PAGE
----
- Research different tattoo parlors and check out artists’ portfolios. Read reviews and make an informed choice! Some parlors have a higher shop minimum, or charge a higher hourly rate. But remember that you get what you paid for. Find a good balance of a high quality shop and your budget.
- If you have a design in mind, great! If not, you can email the artist and work out a design together.
- On the day of your appointment (this is if you make one – you can also do walk-ins) make sure to eat enough food, especially protein. Karina gave me this advice since when you’re getting tatted, your body can burn up to 700 calories an hour! If you don’t want to pass out, make sure to eat.
- If you have a low pain tolerance, take 1-2 pills of acetaminophen, NOT IBUPROFEN, because acetaminophen does not thin out the blood. It can end up hurting more if your blood is thinned out from ibuprofen.
- Don’t be afraid to ask your artist to make changes if you aren’t 100% happy with your design or placement of the tattoo. Most are very willing to comply and even encourage people to speak up about their permanent tattoos!
- Take breaks if you need to. Your artist should take a few seconds in between each time they use the needle to give your skin a break.
But what about aftercare?
Most people have lots of questions here. Your artist should give you a pamphlet of some sort with information about that. Each person has his/her own routine for aftercare, but this was my experience with the geometric lotus tattoo:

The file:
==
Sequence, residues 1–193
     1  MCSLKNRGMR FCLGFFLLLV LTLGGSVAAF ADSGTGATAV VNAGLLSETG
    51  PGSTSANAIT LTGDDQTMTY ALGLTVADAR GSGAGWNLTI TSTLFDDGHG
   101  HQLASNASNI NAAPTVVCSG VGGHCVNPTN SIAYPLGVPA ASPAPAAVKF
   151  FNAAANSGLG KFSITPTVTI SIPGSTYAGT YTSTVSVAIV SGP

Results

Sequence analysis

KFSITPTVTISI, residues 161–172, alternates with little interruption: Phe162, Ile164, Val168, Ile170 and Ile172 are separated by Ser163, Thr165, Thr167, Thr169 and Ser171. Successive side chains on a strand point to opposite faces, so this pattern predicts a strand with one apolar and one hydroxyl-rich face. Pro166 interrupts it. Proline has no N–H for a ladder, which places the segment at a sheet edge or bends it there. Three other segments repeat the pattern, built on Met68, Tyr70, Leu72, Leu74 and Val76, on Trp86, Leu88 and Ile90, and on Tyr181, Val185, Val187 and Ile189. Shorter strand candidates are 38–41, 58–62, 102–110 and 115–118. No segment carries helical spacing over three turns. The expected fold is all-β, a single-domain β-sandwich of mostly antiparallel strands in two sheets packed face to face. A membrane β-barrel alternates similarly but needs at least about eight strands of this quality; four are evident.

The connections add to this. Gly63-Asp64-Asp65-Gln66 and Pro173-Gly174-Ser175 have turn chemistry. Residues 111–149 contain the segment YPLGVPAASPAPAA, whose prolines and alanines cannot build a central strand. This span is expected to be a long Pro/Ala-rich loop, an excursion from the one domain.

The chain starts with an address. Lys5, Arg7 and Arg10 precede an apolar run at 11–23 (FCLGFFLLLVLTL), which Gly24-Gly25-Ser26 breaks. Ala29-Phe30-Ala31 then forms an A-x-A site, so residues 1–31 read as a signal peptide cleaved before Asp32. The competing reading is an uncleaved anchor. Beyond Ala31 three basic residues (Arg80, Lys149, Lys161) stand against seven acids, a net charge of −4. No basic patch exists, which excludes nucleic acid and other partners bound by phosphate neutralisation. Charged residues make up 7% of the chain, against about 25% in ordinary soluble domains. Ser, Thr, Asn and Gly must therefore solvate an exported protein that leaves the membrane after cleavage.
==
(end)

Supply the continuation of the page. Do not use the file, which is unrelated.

- If your artist wraps your tattoo with tegaderm, which is medical grade sticky wrap that’s breathable and waterproof, then you can leave it on for up to 2-3 days. Remove if water seeps through it.
- I read reviews and bought a tub of Hustle Butter, which was actually amazing to use. Some people had allergic reactions so I dabbed a little on the back of my hand and I got no reaction so I figured it was safe for my tattoo. And it was very nourishing, moisturizing, and great smelling! I applied a thin layer of Hustle Butter 2-3x a day after washing the tattoo.
- Don’t overwash! 2-3x a day of cleaning your tattoo with mild soap is enough. Don’t overdo it.
- For 2 weeks, I wore loose clothing so basically a loose-ish crop top underneath a shirt, or I went bra-less when I could.
- Most tattoos will scab like my elvish script tattoo, but my lotus didn’t probably because the lines were so thin and fine. Definitely don’t peel the scabs if you develop any.
- Keep your tattoo out of any sunlight! Sun can be so damaging on healing tattoos so don’t be going out showing off your new tattoo wrapped in plastic wrap if there’s sun out.
- Your artist should be available for any questions or concerns during your aftercare and provide touch ups if needed! Both of my tattoos healed fine and didn’t require any sort of touch up.
Best of luck if you’re soon to get your first tattoo! It’s exciting and also nerve-wracking, but you’ll be so glad you went through with the process. Just be prepared to explain to random strangers many many times what your tattoo means 🙂
Thanks for reading!